Ron Paul's Texas Straight Talk - A weekly Column

The Myth of War Prosperity

War has many costs, both human and economic, that must be carefully considered now that an invasion of Iraq appears imminent.  The greatest cost of war, of course, is the cost in human lives.  We all hope and pray that no Americans are killed or injured in Iraq.  But the economic costs of war must also be considered. 

There is a commonly-held myth that war creates prosperity.  Many believe that World War II ended the Great Depression.  Unemployment went down because hundreds of thousands of men were drafted, and factories at home busied themselves with war production.  This provided the illusion of a bustling wartime economy.  But in truth the economy shrank and GDP plummeted.  The hidden costs were enormous, because so much human energy and human capital was expended fighting the war rather than doing productive, specialized work back home. 

Bastiat’s broken window fallacy applies to our current dilemma in the Middle East.  The situation in Iraq is the broken pane of glass, and “fixing” it will appear to benefit the economy in the short run.  Certain industries will certainly benefit.  But the hidden opportunity costs will again be enormous.  The hidden costs will be the loss of economic activity that would have occurred if the money spent waging war had instead been spent at home.

Inflation is certain during wartime, as the Treasury prints more money to fund military expenses.  Our dollar will become weaker against other currencies because of the uncertainty caused by turmoil in the Middle East.  Control of Iraqi oil wells, which is often cited as an economic windfall from the war, is not guaranteed and might not happen quickly.  Oil prices almost certainly will skyrocket and will remain inflated after the war, especially given the deteriorating buying power of our own dollars.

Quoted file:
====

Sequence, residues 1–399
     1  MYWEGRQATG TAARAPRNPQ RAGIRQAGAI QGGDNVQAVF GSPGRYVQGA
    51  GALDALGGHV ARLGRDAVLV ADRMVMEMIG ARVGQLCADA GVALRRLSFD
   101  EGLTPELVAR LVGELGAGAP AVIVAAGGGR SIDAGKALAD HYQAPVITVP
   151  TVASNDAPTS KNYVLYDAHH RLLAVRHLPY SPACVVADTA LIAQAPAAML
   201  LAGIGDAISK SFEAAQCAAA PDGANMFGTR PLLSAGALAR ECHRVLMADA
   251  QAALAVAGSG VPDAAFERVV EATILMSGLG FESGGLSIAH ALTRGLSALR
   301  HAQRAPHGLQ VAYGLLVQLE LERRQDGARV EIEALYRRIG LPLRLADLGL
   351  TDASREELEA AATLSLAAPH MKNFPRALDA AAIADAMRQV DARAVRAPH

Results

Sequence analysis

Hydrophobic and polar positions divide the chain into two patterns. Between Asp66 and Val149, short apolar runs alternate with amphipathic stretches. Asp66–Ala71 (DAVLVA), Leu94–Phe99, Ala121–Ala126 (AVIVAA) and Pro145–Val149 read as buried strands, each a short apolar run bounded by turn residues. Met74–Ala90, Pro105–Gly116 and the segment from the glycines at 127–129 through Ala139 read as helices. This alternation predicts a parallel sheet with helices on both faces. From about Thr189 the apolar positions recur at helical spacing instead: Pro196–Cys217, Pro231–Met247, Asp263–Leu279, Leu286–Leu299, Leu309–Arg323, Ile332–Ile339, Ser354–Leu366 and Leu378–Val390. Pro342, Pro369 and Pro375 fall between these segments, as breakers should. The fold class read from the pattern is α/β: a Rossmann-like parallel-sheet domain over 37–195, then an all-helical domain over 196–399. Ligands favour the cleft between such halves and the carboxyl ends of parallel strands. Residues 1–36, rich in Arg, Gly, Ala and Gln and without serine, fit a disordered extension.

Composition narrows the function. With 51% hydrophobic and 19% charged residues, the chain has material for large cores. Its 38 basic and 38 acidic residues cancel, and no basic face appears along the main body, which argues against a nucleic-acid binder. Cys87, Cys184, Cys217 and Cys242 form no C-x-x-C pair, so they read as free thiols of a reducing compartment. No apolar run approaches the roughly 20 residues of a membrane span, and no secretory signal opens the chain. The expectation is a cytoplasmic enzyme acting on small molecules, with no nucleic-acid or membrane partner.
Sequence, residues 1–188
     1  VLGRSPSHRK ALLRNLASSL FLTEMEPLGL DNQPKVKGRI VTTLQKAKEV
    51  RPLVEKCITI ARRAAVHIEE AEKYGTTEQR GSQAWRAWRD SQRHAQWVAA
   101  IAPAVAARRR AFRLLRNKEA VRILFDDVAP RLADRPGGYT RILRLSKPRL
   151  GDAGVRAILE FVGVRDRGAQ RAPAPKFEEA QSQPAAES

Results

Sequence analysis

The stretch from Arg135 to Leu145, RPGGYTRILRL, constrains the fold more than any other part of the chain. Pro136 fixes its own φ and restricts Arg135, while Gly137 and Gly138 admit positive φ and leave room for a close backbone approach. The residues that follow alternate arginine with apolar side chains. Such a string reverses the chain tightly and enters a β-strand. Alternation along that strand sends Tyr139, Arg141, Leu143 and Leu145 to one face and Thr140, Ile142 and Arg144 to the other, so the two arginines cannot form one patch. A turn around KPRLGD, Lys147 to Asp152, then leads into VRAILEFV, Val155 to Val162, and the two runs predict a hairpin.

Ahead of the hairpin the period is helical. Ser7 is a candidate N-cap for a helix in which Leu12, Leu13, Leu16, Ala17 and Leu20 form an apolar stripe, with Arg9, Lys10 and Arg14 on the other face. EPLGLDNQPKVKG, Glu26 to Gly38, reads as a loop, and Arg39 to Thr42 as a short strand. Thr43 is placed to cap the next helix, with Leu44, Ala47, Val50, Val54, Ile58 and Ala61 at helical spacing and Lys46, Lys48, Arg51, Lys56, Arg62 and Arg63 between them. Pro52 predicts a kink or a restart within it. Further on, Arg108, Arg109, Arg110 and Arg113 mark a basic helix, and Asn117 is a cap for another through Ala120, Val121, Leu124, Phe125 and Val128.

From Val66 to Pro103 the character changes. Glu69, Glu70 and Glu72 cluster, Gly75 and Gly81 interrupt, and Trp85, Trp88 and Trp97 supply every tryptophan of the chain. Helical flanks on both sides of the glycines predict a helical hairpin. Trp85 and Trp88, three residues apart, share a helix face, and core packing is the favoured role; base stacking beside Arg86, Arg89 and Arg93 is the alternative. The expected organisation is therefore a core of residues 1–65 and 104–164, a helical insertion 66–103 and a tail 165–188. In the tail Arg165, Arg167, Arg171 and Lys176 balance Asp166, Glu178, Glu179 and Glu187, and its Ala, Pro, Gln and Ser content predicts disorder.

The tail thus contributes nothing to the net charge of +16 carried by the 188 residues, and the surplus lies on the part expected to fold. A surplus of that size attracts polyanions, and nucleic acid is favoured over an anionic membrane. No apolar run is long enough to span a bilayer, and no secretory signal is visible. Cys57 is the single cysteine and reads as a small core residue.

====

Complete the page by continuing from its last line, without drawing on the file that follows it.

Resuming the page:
We should expect the financial markets to react badly to an invasion of Iraq.  Although military victory should be swift, prolonged urban fighting in Baghdad or other cities would cause investor confidence to plunge.  This lack of confidence in the U.S. economy will make trade more difficult and cause our trade deficit to rise.

Furthermore, taxes or deficits necessarily rise when the nation’s productivity falls because of war.  Estimates of war spending range from $100 billion to $200 billion, a figure that does not include tens of billions needed for nation-building in Afghanistan and Iraq.  As with past wars, a huge surge in spending will happen as tax revenues are falling dramatically.  This spending can be sustained only by printing more money, borrowing from foreign nations, or raising taxes- all of which harm the economy.

The greatest economic cost of war, however, comes from the expansion in the size and scope of government.  Government always grows during wars and other crises.  As economist Murray Rothbard noted, government uses crises to “Engineer the great leaps forward,” in the size of the state.  When the crisis ends, government never returns to its former size.  As government expands, individual liberty necessarily shrinks.  True prosperity cannot exist without individual liberty and its corollaries of limited government, property rights, and free markets.  Ultimately, war leaves us with less freedom at home.  The sad irony is that while our soldiers have fought for the freedom of Europe, Korea, Vietnam, Kuwait, and Iraq, the government uses war to steadily diminish freedom here at home.  While we fight a war in Iraq, we must also fight to maintain and restore individual liberty in America.